Making HTTP Requests in JavaScript

The Introduction :

As you probably know very well by now, the internet is made up of a bunch of interconnected computers called servers. When you are surfing the web and navigating between web pages, our browser  requests information from any of these servers. The chart below explains explicitly on the request.

46

That is, our browser sends a request, waits for the server to respond to the request, and (once the server responds) processes the request. All of this is governed by protocols or rules which is a topic for another day.

Application Program Interface (API) 

Now the Wikipedia definition of the API will tell you, an Application Programming Interface (API) is a set of subroutine definitions, protocols, and tools for building 47.pngapplication software. But in layman terms , in the context of the web, the API’s generally allow you to send commands to programs running on the servers that you connect to from your browser or with the browser itself. This allows you to access resources only available on the server. A common usage is of the authorisation feature to login to websites.

XMLHttpRequest :

Now there are countless tutorials out there executing the requests via JavaScript or an extended framework of the same. For starters, the remainder of the tutorial is focused on plain vanilla Javascript and could be cumbersome( Angular JS does the same in half of the number of lines *sighs!*). All that being said, lets actually see the code and later break it down one by one.

    
    API testing




    
        var xhr=new XMLHttpRequest();
        xhr.open("GET","http://ipinfo.io/json", true);
        xhr.send();
        xhr.addEventListener("readystatechange", processRequest , false);
        function processRequest(e){
        if(xhr.readyState == 4 && xhr.status == 200) {
            var r = JSON.parse(xhr.responseText);
            var dis = "current IP:" + r.ip 
            document.write(dis);
        }}
        



The above code is in a simple HTML file. Now any JavaScript code that we write goes under the script tag of the code. Explicitly mention type=text/javascript .

1]  Initialising object and sending request :

var xhr = new XMLHttpRequest();
xhr.open('GET', "//ipinfo.io/json", true);

The above block initialised the xhr variable with the request. Now open is a method which takes three arguments to carry out the requests. It takes in GET( in this case) to specify it’s action, //ipinfo.io/json, for where it getting it from and true/false for executing the request asynchronously/synchronously. On a quick glance, up until now we have set the request prameters , but have not sent it yet,

xhr.send();

Now even when the request is sent, other parts of your code are run not awaiting confirmation for the request from the server side. This makes the user experience much better than a synchronous request which will probably through most users off! Now I hope it’s more clear on why we used the asynchronous ( TRUE ) request instead.

2] Readystate and readystatechange

Now by the time we have actually sent requests to the browser, it’s important to know the state of the request. For this we use the the readystatechange. While this still can indicate on the status of the request, readystatechange event being tied to our XMLHttpRequest object’s readyState property makes it difficult to just parse the data soon afterwards. The readyState changes a 5 set value ranging from 0 to 4. The exact status is mentioned below in the tabular column.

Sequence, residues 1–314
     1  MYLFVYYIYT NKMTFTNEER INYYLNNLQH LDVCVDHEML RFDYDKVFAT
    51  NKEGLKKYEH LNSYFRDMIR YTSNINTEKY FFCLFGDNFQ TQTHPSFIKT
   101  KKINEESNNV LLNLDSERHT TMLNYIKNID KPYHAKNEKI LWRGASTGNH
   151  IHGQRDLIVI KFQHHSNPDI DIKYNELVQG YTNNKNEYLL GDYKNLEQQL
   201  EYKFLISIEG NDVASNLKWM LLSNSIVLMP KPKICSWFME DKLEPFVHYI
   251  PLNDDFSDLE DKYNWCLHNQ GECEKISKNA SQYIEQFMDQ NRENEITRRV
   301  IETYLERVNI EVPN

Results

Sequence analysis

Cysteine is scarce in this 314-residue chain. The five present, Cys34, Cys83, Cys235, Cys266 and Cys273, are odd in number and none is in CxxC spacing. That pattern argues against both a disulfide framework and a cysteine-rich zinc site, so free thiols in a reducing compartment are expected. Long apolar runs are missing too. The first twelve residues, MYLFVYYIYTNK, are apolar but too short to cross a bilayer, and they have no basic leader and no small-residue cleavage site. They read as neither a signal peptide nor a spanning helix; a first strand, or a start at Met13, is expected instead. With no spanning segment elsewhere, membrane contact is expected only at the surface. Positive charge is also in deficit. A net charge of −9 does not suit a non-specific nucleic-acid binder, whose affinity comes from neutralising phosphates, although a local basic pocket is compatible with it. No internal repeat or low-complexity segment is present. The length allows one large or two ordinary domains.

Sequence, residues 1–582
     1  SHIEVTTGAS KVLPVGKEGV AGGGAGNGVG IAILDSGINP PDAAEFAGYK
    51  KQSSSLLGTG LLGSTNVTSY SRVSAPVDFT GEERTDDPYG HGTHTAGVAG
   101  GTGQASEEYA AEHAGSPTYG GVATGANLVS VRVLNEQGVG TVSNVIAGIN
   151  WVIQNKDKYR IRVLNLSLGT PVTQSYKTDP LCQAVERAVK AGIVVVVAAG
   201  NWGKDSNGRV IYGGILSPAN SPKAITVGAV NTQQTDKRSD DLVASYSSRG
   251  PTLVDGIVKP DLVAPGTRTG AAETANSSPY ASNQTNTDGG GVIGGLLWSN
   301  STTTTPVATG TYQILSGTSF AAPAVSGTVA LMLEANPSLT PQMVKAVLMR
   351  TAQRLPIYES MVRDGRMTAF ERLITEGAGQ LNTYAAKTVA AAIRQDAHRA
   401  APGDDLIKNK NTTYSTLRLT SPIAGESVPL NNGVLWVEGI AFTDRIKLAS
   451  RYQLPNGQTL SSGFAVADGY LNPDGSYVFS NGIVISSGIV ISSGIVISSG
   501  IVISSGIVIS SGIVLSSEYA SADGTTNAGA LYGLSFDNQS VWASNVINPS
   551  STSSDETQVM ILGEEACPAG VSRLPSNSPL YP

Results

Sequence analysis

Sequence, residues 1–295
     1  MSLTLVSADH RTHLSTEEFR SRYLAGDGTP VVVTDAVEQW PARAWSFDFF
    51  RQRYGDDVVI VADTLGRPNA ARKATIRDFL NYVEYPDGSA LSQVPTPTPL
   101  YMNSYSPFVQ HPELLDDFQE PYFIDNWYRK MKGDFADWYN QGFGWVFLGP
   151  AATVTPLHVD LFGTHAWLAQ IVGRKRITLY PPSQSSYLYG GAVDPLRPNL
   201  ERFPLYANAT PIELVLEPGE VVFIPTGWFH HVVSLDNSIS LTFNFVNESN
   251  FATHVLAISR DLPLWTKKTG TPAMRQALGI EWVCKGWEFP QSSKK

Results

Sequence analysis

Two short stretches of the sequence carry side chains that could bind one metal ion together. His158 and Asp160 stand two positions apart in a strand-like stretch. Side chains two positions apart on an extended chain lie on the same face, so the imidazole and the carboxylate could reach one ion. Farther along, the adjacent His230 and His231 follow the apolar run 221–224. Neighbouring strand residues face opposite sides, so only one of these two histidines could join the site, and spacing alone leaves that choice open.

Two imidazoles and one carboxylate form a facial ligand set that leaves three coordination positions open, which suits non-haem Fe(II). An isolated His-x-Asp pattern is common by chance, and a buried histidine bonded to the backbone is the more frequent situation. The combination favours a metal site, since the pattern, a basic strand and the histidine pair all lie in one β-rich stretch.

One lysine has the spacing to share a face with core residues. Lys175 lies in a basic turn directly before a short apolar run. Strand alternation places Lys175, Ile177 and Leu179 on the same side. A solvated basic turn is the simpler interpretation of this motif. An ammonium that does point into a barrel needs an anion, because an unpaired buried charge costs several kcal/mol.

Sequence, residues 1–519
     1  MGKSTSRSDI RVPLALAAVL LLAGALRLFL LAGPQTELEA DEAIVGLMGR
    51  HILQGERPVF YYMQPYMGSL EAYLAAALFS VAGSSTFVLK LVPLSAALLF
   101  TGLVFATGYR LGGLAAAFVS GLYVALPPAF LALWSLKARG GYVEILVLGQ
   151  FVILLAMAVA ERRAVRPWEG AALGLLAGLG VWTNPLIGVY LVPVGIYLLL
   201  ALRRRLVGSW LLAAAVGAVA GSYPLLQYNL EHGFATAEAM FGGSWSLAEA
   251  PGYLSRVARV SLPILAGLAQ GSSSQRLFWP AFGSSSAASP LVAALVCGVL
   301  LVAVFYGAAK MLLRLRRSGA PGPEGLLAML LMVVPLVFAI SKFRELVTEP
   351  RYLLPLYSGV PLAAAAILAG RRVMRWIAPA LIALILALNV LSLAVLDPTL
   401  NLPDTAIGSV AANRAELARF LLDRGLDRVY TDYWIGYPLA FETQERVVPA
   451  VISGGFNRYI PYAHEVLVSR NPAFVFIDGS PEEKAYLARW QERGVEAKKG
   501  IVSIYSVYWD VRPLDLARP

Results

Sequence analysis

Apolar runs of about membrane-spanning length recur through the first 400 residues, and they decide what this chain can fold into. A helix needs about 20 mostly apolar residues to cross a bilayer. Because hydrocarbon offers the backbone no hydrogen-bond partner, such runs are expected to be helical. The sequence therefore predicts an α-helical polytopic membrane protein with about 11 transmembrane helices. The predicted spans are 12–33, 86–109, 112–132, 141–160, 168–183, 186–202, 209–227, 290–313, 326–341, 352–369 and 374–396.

48
credits : www.kirupa.com

So practically the readystatechange event is being fired 5 times, but in actuality we are only  interested in the final state of the request ( 4- DONE) . Secondly the the Http status codes we all know about, for example

 202 – Accepted  ; 200 – OK ; and the most hideous 404 – Page not found (Bad request) 

So even if our event state is an ideal “4”, we don’t want to return “empty” successful requests. We need the return of the content we requested to the server. Hence we write the following  condition in our function

function processRequest(e){
        if(xhr.readyState == 4 && xhr.status == 200) {}
           }

3. Parsing data and final end output

Now the request to the server has returned successfully with the data we have to parse into user readable text. So based on the data type we access we have to choose alter paths. For instance this current data is in the form of JSON.

49.png

Now we parse this particular JSON dataset to get the ip parameter alone for the purpose of this tutorial.

var r = JSON.parse(xhr.responseText);
var dis = "current IP:" + r.ip + "
"
document.write(dis);

What this does is it initialises a new variable with the parsed return data and uses the variable to access parts of it.

So hope this helps, suggestions are welcome at mrahul.krishnan@gmail.com as  always or drop a comment below. Until next time, bye!

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2 thoughts on “Making HTTP Requests in JavaScript

  1. var RequestData = function(a, b, c, d) {
    var e = new XMLHttpRequest;
    e.open(a, b, !0), e.onreadystatechange = function() {
    if (4 == e.readyState && 200 == e.status) {
    var a = e.responseText;
    d(b, a)
    }
    }, “GET” == a && e.send(), “POST” == a && e.send(c)
    };
    This function can be a better abstraction, for the above!
    Also, jQuery can do it much better, with support for Internet Explorer.

    code copied verbatim from https://www.shrimadhavuk.me/js/index.js

    Liked by 2 people

  2. Reblogged this on APILama and commented:
    I really liked this detailed guide to consuming APIs through Javascript. No matter if you are using ReactJS or Angular or any other frontend framework, this is basic knowledge that you have to deal with at some point. Rahul leads by example here. A must read in my opinion.

    Liked by 2 people

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